The buck stops with Modi

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Photo: Vijay Pandey
Photo: Vijay Pandey

Vegetarianism is unavoidable for the purity of thoughts and actions. It is a kind of purity of means. You reap what you sow… we have to listen to and understand the pain of speechless animals being taken to the slaughterhouse.

Narendra Modi, then Gujarat chief minister, said on 2 October 2003 at a public function to commemorate the 135th birth anniversary of MK Gandhi in Porbandar.


We Hindus consider cows as our mothers and sacred, too. Muslims have killed a cow. Now is the time to wake up and take revenge for this cruel deed of the Muslims by beating them to death. To kill the demons in the guise of the Muslims who perform such cruel deeds to behead a sacred cow, that is our real religion and our sacred duty.

Pamphlet published by Hindu Yuvak Mandal, a Hindutva group


Don’t get confused: this pamphlet is not from Dadri, Uttar Pradesh, where a mob of militant Hindus lynched a 50-year old Muslim man on 28 September for allegedly stealing and killing a cow, and eating beef. This pamphlet is older and is in Gujarati, dating back to 1985 when Ahmedabad was in the grip of communal violence. It was widely distributed by Sangh Parivar activists in the days leading up to the riots that year.

The pamphlet helped to spread a rumour that Muslims had beheaded “Jasola”, a cow owned by the Saryudasji temple, left its bleeding head at the temple gate and written with its blood that “Hindus are kafirs and pigs”. Historian Ornit Shani says this rumour played a crucial role in changing the trajectory of the 1985 riots, which had started with the upper castes, furious at the upward mobility of Dalits who had benefited from reservation, targeting them. Rumours around Jasola were used by Hindutva activists to mobilise politically assertive Dalits (who, in fact, shared similar class position and dietary practices with Muslims) as footsoldiers to unleash violence against Muslims.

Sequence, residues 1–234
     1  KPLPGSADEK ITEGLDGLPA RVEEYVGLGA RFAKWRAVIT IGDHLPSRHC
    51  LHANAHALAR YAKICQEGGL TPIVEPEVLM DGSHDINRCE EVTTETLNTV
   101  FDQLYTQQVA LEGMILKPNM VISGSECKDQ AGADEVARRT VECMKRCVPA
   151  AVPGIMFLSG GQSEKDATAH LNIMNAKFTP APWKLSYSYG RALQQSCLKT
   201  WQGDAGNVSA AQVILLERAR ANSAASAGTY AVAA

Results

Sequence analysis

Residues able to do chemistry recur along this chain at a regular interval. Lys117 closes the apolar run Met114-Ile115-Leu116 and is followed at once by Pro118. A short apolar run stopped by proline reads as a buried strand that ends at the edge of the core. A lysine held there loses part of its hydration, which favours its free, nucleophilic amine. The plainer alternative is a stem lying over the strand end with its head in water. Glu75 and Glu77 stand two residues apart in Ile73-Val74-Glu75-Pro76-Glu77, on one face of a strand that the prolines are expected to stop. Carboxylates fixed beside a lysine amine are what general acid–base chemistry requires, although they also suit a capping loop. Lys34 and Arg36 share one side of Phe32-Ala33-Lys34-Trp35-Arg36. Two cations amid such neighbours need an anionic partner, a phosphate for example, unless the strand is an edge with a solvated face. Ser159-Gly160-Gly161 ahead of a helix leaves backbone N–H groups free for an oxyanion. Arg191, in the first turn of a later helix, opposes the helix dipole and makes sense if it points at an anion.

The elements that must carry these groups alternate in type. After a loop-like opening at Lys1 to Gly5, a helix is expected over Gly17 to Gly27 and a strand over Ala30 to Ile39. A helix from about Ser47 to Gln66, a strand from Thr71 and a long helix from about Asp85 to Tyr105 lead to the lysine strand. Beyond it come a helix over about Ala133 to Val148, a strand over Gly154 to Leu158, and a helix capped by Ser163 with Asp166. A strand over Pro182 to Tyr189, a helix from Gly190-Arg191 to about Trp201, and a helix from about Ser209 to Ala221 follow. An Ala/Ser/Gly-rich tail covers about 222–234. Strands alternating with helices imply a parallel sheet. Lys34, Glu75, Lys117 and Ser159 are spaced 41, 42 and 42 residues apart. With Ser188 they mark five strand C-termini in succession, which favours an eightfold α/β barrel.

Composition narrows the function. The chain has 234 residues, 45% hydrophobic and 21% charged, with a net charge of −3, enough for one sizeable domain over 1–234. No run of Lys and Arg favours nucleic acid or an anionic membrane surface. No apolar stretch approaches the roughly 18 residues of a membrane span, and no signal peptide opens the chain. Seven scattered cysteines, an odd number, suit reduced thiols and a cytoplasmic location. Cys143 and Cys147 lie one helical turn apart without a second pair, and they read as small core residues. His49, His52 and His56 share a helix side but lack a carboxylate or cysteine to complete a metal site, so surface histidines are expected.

So, does that explain why Prime Minister Narendra Modi cannot really speak out against the Dadri lynching? “Rumour, especially rumours related to cow slaughter, is historically a powerful tool used by the RSS to create the false image of a Muslim enemy who is marauding ‘Mother India’. Modi has conveniently employed ‘meat and cow politics’ to build his image of Hindu Hridaya Samrat,” points out historian KN Panikkar.

Now, cut to Modi’s Porbander speech. As social anthropologist Parvis Ghassem- Fachandi notes in his ethnographic work titled Pogrom in Gujarat, Modi (who was under attack then from several quarters for allegedly engineering, or at least abetting, the pogrom by invoking Newton’s third law of motion that every action has an equal and opposite reaction) went on to distinguish between vegetarian and non-vegetarian food in a shrewd manner in this speech.

“According to the ancient Vedic texts of India, there is ‘fire’ (Agni) in the stomach (Kund)… if a vegetable or fruit or food grain is put in fire, then that fire and its container is called a Yagya Kund (vessel for sacrificial fire), but if dead flesh is put in fire, then that fire becomes the fire of a ‘shamshaan bhoomi’ or the fire of the funeral pyre. The fire of Yagya (sacrifice) gives life, energy, strength and piety, while the fire of the ‘shamshaan’ consumes and converts dirt to dirt and ashes to ashes,” Modi said.

Ghassem-Fachandi argues that the “distinction Modi drew between ‘Yagna’ and ‘shamshaan’, sacrifice offering life and consumption signifying death, is analogous to that between eating vegetarian and non-vegetarian food, as well as to that between Hindu and Muslim”. “Those who consume vegetables make a sacrifice by renouncing meat and thus attain life. Those who eat flesh, however, convert themselves into a funeral pyre. They become the death that they have ingested,” he writes. This scheme of thought allows people who eat non-vegetarian food to be presented as alien to Hindu, and therefore Indian, culture.